by Erin Renee Hune Glover
-Strange – 2 Pages –
The room smells of poverty, rot, and old age. A heap of yellowed, tattered blankets begins to stir on a yellowed, tattered couch. The blankets are thrown back, and a wave of body odor and old-person smell invades the room. A woman, more wrinkled than an English Bulldog, appears. She stands, her lime-green polyester pants stained and torn in places. Shuffling through the layers of newspaper on the floor, she disappears into the kitchen.
A cabinet door creaks, and then a can opener grinds unwillingly into service. The woman returns to the couch, settling herself on top of the blankets. An open can is in one hand, a dirty fork resting on top. The other hand reaches to stroke what appears to be dirty pile of moldy cloth. To an onlooker, the woman would appear insane, talking to herself and petting inanimate objects. But the pile of moldy cloth stirs at her touch, and its shape resolves itself into that of an ancient, scarred feline.
Weakly meowing, the cat sits up and stretches. Its back legs no longer work due to an accident with a moving van a year ago. Now it is reduced to lying on the couch, hand-fed and set gently on the floor for precisely half an hour each day for a bathroom break. Yesterday the old woman got distracted by something she could see out the window, and did not place the cat back in its position on the couch for several hours. Its feces cling to its back legs because of this.
“Morning, Mr. Whiskers.” The woman rumbles, her voice roughened by age and nicotine. “Breakfast.”
She holds the fork out to the cat delicately. It stretches its neck and takes the bit of food she offers. Chewing in small, energetic bites, it swallows. The fork returns to the metal can, scoops out an even larger portion. The fork moves toward the cat, hesitates, and turns. The woman chews once, swallows. A coughing fit overcomes her, and at the end of the fit, she wipes white goo from her mouth with the edge of the blanket.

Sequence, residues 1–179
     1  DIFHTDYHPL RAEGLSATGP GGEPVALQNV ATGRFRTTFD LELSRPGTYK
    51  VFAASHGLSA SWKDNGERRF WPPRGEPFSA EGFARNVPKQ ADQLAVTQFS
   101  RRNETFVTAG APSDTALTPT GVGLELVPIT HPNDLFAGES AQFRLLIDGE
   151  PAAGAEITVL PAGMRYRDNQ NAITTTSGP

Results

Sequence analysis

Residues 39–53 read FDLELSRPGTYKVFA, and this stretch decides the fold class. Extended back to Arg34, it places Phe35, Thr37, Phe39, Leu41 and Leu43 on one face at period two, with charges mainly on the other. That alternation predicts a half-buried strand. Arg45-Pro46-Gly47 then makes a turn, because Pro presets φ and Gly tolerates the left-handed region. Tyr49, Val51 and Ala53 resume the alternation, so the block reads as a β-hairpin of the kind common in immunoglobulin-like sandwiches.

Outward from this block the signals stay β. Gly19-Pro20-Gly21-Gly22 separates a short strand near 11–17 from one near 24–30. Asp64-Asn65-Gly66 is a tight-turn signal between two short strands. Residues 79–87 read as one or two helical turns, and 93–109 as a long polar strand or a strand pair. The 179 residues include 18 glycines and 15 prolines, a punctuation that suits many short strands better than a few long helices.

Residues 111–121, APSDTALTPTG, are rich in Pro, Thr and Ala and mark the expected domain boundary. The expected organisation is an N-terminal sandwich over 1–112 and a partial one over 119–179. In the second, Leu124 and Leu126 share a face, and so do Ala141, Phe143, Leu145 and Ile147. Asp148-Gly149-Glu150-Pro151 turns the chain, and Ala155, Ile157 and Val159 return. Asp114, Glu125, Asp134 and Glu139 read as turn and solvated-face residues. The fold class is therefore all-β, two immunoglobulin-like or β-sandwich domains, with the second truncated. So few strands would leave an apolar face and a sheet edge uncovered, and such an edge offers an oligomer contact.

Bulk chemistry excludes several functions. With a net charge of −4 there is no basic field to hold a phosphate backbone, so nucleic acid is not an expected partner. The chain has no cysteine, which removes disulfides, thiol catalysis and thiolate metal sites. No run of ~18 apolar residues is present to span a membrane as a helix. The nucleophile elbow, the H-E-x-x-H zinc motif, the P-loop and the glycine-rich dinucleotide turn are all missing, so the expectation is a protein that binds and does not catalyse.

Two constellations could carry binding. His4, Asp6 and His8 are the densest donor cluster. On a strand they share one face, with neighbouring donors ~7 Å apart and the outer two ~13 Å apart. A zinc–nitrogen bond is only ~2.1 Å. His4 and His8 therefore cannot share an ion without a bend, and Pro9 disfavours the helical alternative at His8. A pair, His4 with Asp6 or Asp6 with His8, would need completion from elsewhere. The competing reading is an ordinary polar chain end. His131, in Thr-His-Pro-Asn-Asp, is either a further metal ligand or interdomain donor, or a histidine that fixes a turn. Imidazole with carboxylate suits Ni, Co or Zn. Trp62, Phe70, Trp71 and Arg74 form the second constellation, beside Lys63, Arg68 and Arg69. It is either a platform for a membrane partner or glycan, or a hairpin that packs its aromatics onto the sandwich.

“One should always chew precisely twenty times before swallowing, Mr. Whiskers.” She adds, sticking the fork back into the can. “One must not get anxious.”
A bite for the cat, a bite for the woman. Back and forth it goes until the can is empty. Looking down in surprise, the woman studies the empty can and withdraws the fork. Placing both fork and can into a pile of rusted, mildewed metal on the floor, she stumbles to the front door. Opening it a crack, she bends her creaking, dirt encrusted knees and picks up yesterday’s paper, which a neighbor leaves every morning.
“News, Mr. Whiskers.” She stays where she is standing and methodically tears the front page into strips about an inch across and three inches long. The rest goes on the floor for kitty litter.
Rolling the strips into cylinders, she stuffs leaves from a plastic plant into the makeshift cigarettes. Soon this plant, like all the others, will be bare. She tips a cup of water over the pot the plant lives its false existence in, and the water runs down the wall to puddle tiredly on the floor. Another puddle joins the first, running down the leg of the woman.
“Oopsie, Mr. Whiskers. Forgot my potty time. Good thing we put down papers.” She drops the toxic plastic cigarettes into the yellow puddle. Luckily there are no lighters in the house and the gas for the stove was cut off months ago.
“Potty time for the kitty.” She sets him on the floor and turns toward the window, leaving the front door open a few inches. Lifting a paper towel roll, she peers through it at the house next door. Nothing exciting is happening, but she stares for few minutes anyway, then goes about her daily routine as the cat goes about his.